There are two things you should never let your children see being made: sausage and policy. The House & Senate War Powers Resolutions were complicated to begin with, so most journalists and politicians aren’t able to explain half of it.
For the wonkiest of wonks, here is some information about the two separate Resolutions invoking the War Powers Act to end U.S. support for the now widely reported Saudi-led war.
What’s driving this nearly four-year-old war to finally be debated, to the actually get votes, is the horrific human toll it’s taking. The United Nations is calling the war in Yemen the worst humanitarian crisis in recent history. New estimates show more than 60,000 people have been killed in the Yemen war in past two years, according to the UK-based independent research group Armed Conflict Location & Event Data Project (ACLED).
Sen. Bernie Sanders has been repeating over and over that 85,000 children have died of starvation. According to Reuters, “Some 1.8 million Yemeni children are malnourished, making them more vulnerable to disease,” and the U.N. Children’s Fund (UNICEF) estimates that 400,000 lives are at risk from severe acute malnutrition.”
War Powers Act History
The War Powers Act (also known as the War Powers Resolution) was passed 45 years ago to reassert Congressional authority to go to war as per Article 1, Section 8 of the U.S. Constitution that states “Congress alone has the authority to determine whether the United States shall use offensive military force.” In 1973, it passed, overriding a veto by President Nixon. That veto giving us some insight into the growing Imperialistic nature of the U.S. Presidency that we saw with George W. Bush in the Afghan and Iraq Wars.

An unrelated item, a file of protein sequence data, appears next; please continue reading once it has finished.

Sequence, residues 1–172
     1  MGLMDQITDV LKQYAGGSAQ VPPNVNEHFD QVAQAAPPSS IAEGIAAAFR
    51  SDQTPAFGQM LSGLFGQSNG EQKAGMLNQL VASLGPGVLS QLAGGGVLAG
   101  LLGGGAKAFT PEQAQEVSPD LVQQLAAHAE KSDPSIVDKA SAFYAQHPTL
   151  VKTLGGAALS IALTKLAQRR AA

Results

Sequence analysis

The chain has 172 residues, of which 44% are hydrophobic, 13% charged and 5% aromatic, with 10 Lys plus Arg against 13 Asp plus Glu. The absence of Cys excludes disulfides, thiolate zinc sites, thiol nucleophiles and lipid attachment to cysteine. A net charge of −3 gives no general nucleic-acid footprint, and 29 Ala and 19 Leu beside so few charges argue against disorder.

The U.S. Congress hasn’t adhered to the Constitution’s requirement since 1942. Truman ignored it, taking the U.S. into war with North Korea. Similarly, Congress never declared war in Vietnam. President Johnson used the Tonkin Resolutions to use military force. Each President, from Johnson to Trump, has worked most often with Authorization of the Use of Military Force commonly known as AUMFs.
What’s so unique and powerful about the War Powers Act is that it’s one of the few authorities given to any individual member of Congress through what’s called “privilege status.” This means it can be invoked, heard and voted on as long as the Bill is approved by the Parliamentarian, followed by a 15-day waiting period. It doesn’t have to go through a Committee to go straight to the floor for a vote. The Foreign Affairs committee could even mark it up and vote on it in three days.
Why is the U.S. in a War with Yemen?
First let’s clarify that we are at war against the Houthis, who overthrew the Saudi-friendly leader, Hadi, on March 23, 2015. We had to appease Saudi Arabia over the Iran Deal. The U.S. has been giving military aid, refueling jets and providing logistical support. In March of 2016 the New York Times published a piece titled “Quiet Support for Saudis Entangles U.S. in Yemen,” highlighting that “the Obama administration needed to placate the Saudis to complete the nuclear deal with Iran,” by offering support for the war through arm sales and military assistance.